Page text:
Measuring energy consumption
The Bank measures energy consumption and determines its greenhouse gas (GHG) emissions (carbon footprint). The data is also used to identify energy-saving opportunities.
In 2007, the Bank began reporting its energy usage within Canadian operations (see charts below). In 2009, the Bank began working with international locations to identify and implement local energy tracking systems in Chile, Mexico, Peru, Costa Rica. In 2010 El Salvador and Jamaica were added. In line with the Bank's commitment to increase international reporting, this year's data includes information from the Dominican Republic and Trinidad and Tobago for the first time. Along with Canada, Scotiabank's reporting covers more than 84% of our multinational operations.
Energy consumption charts
Energy conservation initiatives
Learn about Scotiabank's efforts to improve energy efficiency across our operations.
Canada — Energy conservation initiatives:
- In 2010, the Bank completed 15 full energy studies and 100 site visits to identify strategies to reduce utility consumption. The necessary repair and maintenance items were addressed in early 2011. In 2012, the Bank began a five-year program, visiting approximately 200 sites annually, to identify and implement repair and maintenance items to reduce energy consumption throughout the branch network.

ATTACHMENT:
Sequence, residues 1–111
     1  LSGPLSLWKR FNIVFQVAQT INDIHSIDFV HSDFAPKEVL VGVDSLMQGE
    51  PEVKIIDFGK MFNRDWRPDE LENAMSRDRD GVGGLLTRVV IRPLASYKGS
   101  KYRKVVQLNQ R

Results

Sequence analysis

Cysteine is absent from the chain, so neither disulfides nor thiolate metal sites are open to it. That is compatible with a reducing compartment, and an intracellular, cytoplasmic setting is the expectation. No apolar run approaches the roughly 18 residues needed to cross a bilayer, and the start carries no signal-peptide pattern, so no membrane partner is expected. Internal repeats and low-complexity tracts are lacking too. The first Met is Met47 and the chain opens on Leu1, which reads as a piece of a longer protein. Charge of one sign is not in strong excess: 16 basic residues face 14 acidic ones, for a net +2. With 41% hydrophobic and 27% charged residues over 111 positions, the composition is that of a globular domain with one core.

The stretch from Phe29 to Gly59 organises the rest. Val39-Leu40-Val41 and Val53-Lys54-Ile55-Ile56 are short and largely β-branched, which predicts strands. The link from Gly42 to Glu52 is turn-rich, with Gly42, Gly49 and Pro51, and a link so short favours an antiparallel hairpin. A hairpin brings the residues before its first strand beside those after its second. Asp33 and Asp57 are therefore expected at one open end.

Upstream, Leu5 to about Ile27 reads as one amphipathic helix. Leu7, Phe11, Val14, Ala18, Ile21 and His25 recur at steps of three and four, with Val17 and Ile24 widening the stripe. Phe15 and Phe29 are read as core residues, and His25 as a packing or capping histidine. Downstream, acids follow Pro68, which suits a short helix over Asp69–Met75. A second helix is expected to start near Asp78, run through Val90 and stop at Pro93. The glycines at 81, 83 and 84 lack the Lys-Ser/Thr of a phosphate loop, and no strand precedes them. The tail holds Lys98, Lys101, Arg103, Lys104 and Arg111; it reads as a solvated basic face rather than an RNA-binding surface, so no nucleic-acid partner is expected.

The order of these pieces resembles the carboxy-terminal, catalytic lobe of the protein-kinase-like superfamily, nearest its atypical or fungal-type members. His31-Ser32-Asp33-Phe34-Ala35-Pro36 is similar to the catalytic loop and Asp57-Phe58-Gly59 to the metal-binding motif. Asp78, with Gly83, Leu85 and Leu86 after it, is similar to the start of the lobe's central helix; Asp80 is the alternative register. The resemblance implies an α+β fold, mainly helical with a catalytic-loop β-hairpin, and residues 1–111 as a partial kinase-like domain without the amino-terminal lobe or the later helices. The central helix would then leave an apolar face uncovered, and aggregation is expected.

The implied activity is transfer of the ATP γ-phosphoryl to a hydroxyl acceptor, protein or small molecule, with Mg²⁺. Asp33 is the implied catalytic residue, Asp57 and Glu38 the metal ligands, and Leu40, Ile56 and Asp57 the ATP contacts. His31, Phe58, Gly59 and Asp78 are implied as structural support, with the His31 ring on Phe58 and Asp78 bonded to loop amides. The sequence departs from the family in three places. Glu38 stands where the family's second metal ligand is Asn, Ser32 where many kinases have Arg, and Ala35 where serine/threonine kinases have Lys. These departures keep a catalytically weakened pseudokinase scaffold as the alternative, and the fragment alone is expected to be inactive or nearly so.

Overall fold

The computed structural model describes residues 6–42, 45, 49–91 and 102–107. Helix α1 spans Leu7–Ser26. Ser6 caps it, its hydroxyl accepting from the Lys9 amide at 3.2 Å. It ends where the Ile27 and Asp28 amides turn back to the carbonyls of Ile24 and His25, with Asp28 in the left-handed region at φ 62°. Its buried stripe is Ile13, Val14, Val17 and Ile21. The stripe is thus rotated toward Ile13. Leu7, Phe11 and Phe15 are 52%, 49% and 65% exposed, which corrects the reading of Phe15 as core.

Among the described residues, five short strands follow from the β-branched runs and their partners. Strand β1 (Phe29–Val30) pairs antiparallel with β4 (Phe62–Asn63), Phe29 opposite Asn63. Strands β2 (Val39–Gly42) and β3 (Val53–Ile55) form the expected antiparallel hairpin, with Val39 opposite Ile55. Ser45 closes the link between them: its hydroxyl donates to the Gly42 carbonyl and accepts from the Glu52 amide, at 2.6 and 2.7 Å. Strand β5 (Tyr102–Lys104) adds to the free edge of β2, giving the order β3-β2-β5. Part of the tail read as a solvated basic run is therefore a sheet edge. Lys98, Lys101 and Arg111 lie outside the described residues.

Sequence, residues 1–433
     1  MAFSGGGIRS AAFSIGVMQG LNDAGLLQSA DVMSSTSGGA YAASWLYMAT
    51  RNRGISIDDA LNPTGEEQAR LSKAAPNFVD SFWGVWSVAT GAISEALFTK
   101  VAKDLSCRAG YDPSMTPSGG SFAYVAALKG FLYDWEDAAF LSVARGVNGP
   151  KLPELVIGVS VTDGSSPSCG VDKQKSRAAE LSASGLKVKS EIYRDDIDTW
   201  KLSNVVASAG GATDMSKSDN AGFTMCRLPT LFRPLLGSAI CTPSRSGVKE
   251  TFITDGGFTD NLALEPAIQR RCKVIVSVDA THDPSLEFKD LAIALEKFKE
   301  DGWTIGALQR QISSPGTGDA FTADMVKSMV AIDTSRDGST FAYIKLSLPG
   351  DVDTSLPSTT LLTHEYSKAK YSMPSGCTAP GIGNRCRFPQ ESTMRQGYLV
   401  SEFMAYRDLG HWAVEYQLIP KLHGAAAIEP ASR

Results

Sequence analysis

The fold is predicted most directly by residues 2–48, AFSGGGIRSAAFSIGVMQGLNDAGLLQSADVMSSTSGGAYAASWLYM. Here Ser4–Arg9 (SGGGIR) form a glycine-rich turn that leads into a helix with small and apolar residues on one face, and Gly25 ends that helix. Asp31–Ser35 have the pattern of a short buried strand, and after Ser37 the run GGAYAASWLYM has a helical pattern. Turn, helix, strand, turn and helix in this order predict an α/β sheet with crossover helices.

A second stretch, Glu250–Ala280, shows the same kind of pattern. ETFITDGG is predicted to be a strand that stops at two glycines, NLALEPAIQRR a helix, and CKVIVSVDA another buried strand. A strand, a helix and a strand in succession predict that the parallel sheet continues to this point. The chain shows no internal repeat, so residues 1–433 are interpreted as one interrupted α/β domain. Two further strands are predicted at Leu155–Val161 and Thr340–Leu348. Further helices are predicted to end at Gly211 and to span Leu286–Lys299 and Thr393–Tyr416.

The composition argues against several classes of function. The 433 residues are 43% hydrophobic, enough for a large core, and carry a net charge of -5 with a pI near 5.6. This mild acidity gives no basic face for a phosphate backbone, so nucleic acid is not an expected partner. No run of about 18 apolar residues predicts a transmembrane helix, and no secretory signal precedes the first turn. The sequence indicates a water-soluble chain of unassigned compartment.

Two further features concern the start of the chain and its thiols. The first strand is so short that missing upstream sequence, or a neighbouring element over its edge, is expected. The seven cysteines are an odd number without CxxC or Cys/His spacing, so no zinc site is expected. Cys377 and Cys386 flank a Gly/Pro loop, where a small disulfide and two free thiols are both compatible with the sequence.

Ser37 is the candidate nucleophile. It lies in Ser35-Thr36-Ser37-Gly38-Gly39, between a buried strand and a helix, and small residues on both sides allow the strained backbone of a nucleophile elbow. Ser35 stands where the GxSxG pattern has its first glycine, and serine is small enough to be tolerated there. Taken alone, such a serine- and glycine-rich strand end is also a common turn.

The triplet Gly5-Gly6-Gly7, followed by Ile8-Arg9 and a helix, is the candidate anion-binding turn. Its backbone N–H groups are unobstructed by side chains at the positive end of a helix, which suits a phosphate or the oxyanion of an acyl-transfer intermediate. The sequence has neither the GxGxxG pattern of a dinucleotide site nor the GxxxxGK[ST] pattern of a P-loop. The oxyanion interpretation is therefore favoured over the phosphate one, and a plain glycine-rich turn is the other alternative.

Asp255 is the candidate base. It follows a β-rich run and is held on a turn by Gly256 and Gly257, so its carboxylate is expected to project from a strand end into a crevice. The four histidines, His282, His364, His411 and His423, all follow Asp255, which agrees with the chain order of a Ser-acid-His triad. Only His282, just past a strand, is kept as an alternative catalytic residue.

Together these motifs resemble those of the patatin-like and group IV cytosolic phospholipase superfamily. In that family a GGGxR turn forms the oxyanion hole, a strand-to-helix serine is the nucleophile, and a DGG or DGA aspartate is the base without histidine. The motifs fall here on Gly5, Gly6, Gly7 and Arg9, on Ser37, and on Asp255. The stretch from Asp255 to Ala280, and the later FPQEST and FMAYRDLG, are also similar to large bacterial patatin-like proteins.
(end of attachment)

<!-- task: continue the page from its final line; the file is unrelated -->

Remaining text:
- The Information Technology & Solutions (IT&S) Work from Home (WFH) program was piloted over the last eighteen months with 85 full-time employees working from home half the time. Employee benefits include improved work-life balance and reductions in commuting time and cost. Benefits to the Bank include workspace and utilities optimization and an estimated reduction of the Bank's carbon footprint of two metric tonnes of CO2 per employee per year.
Canada — IT-specific energy conservation initiatives:
- Scotiabank has started to build energy reports and define appropriate metrics related to the usage of IT assets across the country. This reporting will lead to power-consumption measurements on a device-by-device basis.
- Scotiabank, in partnership with IBM, is "greening" the data centre facilities, which consume considerable energy, since they typically operate hundreds of servers. IBM has helped Scotiabank by "virtualizing" servers, allowing the Bank to spread systems needs among fewer, larger servers and introduce additional energy-conserving measures, including improved lighting controls, heat reclaim chillers and airstops to improve air flow. These projects have produced a total annual energy savings of 2,413.2 MWh.